After the tracings were laid, next I had to cut out the circular shape. I used my brother’s Dremel, with reasonably good, albeit exact, results. Finally I was ready to etch the board. Using a ‘safe’ mixture of vinegar, salt, and hydrogen peroxide, it took about three days for all the copper to be fully dissolved. I had to change the solution many times during the painfully slow process.

The PCB in a petri dish about to be bathed with chemicals.
The PCB in a petri dish about to be bathed with chemicals.
The PCB after etching and drilling. I added some Sharpied annotations.
The PCB after etching and drilling. I added some Sharpied annotations.

After all the copper was dissolved, I removed the black rub-on stickers with some steel wool to reveal a nice PCB! I then drilled holes and prepared to solder the components in place. Soldering the components was good fun, and the result was better than I expected. When the time came to test it out…it worked!

The PCB completely soldered together.
The soldered side of the finished PCB.
The component side of the finished PCB.
The component side of the finished PCB.

Here’s a list of the components used in the finished product:

  • 555 timer IC
  • 6x white 5mm LEDs (salvaged from an old flag pole light)
  • 6x red 5mm LEDs
  • 0.47uF capacitor (part of 555 timer circuit)
  • three-way slide switch (salvaged from old AM/FM boombox)
  • 1MΩ resistor (part of 555 timer circuit)
  • 330KΩ resistor (part of 555 timer circuit)
  • 3x 100KΩ resistors (for white LEDs)
  • 2x 47Ω resistors (for red LEDs)
  • 9V battery

    The PCB with the white LEDs lit up!
    The PCB with the white LEDs lit up!

3D Printed Case

Screenshot of the case.
Screenshot of the case. You can see where the PCB fits. I ended up printing it with white PLA.

After the PCB was finished, next was designing the case. I knew from the beginning that I wanted to use heavy gauge wire for the cage part, but I wasn’t sure how to make the ‘glass’ that would cover the PCB and diffuse the LED light. So I decided to make a 3D printed, thin walled,  case with white filament that would be translucent enough to let light through. I designed it so that the PCB would fit nicely inside the top of it, and so that the trimpiece/collar could be slid up around it.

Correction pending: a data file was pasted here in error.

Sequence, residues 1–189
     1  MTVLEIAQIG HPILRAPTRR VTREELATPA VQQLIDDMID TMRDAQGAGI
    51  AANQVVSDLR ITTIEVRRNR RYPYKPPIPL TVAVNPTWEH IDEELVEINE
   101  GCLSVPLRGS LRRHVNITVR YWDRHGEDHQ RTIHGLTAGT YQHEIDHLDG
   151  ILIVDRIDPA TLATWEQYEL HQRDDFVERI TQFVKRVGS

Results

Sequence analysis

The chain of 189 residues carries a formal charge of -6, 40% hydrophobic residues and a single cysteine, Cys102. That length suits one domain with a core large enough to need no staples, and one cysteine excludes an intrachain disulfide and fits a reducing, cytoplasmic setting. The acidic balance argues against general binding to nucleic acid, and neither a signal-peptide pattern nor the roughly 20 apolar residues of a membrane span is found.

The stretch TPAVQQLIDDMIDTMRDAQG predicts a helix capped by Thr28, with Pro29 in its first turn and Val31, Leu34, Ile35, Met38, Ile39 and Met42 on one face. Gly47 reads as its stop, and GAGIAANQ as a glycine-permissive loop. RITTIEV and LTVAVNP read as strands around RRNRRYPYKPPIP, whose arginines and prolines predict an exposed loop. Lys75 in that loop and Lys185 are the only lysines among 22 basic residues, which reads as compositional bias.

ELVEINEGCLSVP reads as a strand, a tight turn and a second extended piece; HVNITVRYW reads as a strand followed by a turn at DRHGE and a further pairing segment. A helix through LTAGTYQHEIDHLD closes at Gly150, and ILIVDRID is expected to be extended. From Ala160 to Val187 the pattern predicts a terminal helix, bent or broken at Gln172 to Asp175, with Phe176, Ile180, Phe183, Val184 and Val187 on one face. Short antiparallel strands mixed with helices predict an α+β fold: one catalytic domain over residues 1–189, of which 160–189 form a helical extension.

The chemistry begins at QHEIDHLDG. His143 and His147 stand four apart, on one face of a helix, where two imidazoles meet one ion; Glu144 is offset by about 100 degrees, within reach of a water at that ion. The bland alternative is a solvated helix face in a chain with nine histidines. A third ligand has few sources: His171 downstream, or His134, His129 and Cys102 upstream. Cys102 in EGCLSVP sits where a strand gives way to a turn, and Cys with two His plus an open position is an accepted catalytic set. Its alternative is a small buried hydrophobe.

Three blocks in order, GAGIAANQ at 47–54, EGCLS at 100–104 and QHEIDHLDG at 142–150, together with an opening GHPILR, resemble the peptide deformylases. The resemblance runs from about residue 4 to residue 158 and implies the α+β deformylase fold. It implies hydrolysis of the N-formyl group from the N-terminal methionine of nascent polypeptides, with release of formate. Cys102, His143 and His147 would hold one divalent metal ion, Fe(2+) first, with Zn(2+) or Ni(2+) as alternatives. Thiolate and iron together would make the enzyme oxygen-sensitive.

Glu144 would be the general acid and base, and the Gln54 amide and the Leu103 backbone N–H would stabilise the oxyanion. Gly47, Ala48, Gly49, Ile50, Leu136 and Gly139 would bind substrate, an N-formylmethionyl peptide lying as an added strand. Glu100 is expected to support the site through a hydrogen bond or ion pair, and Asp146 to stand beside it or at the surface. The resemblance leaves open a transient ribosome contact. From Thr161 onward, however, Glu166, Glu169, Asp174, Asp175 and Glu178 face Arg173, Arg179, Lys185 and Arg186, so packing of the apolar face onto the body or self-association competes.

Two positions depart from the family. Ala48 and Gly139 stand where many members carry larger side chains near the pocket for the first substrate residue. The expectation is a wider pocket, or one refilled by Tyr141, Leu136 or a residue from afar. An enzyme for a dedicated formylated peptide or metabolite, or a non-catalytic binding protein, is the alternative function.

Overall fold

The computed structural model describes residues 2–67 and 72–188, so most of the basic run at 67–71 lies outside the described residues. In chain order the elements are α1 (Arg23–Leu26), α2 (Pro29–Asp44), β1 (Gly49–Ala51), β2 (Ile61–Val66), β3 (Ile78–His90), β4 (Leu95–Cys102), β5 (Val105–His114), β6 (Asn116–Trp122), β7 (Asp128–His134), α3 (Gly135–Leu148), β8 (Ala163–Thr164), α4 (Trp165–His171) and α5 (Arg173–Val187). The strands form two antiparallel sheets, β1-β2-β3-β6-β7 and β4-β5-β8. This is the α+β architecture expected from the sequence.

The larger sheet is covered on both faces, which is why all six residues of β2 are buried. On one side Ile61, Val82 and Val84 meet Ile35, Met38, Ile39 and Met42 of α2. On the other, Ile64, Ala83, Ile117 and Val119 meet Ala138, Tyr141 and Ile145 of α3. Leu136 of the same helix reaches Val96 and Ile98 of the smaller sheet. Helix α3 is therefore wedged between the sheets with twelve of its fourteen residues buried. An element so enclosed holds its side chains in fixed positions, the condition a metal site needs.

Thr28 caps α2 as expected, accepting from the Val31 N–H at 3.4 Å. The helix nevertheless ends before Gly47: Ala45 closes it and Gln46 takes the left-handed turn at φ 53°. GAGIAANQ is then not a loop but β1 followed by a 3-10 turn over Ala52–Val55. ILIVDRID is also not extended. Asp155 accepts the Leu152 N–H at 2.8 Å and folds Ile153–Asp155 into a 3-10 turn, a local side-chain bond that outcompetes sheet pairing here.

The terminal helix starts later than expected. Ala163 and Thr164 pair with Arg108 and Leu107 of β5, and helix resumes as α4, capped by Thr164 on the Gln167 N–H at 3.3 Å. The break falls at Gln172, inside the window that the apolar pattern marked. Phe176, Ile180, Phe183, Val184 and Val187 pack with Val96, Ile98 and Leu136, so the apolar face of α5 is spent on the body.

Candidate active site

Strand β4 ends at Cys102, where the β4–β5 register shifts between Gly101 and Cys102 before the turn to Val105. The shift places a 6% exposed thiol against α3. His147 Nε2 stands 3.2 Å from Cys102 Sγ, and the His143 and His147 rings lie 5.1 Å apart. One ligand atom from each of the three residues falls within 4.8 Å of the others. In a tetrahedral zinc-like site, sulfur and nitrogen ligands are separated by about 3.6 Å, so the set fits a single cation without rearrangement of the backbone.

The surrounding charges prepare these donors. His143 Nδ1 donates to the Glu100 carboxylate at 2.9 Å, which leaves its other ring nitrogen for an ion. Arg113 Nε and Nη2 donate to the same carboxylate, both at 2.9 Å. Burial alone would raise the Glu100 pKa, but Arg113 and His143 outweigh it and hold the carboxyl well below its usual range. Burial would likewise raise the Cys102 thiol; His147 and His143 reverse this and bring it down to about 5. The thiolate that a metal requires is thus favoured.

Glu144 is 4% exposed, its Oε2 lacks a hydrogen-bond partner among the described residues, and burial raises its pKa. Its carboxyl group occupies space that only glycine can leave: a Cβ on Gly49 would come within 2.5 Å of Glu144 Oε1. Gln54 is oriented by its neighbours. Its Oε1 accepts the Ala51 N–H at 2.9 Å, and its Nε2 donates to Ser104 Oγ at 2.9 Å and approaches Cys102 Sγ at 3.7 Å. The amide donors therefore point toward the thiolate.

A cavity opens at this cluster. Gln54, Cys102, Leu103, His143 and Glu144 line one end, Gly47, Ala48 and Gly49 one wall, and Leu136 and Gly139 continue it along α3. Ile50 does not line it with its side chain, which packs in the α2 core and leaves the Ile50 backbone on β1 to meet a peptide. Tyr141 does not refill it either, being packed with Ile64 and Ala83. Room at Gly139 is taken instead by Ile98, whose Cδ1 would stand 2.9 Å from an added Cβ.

Next was to make the trim, which would give it a place to store the battery, mount the switch, and attach it to the ceiling. I was originally going to make it out of metal, but after many literal sparks with the Dremel, it flopped.

This was a flop. It's actually the bottom of a bulk-size can of peanuts! It ended up being too small rough.
This was a flop. It’s actually the bottom of a bulk-size can of peanuts! It ended up being too small and rough.

So I opted to also design and 3D print the trim/collar piece as well, and it came out quite nice after I printed it with flexible black filament. I added a spot to mount the switch and holes to run the cage wire through later.

cagelight ss of tinkercad 3d design of trim part of case
This is the collar/trimpiece design for the cagelight.

Click here for more details on the 3D designs.

Assembly

All the parts before assembly. Not shown here are also little rectangles of metal that were folded and were glued in as mounting brackets.
All the parts before assembly. Not shown here are also little rectangles of metal that were folded and glued in as mounting brackets.

Assembling the cagelight was pretty trivial. I took some old heavy gauge wire (what they use in wiring houses), stripped it, and then bent it into shape. I used hot glue to attach all the parts together, and a little bit of solder to tack the cage wire in place on the outside.

The inside of the top, with everything in place.
The inside of the top, with everything in place.

From there, all I had to do was screw it up above my desk! It makes quite a nice decoration, and the white-light mode is bright too. The red-flashing mode makes a nice ‘do-not-disturb’ signal.

I’m happy with the results. I learned a few things about designing circuit boards, and I got to squirt hot glue all over stuff!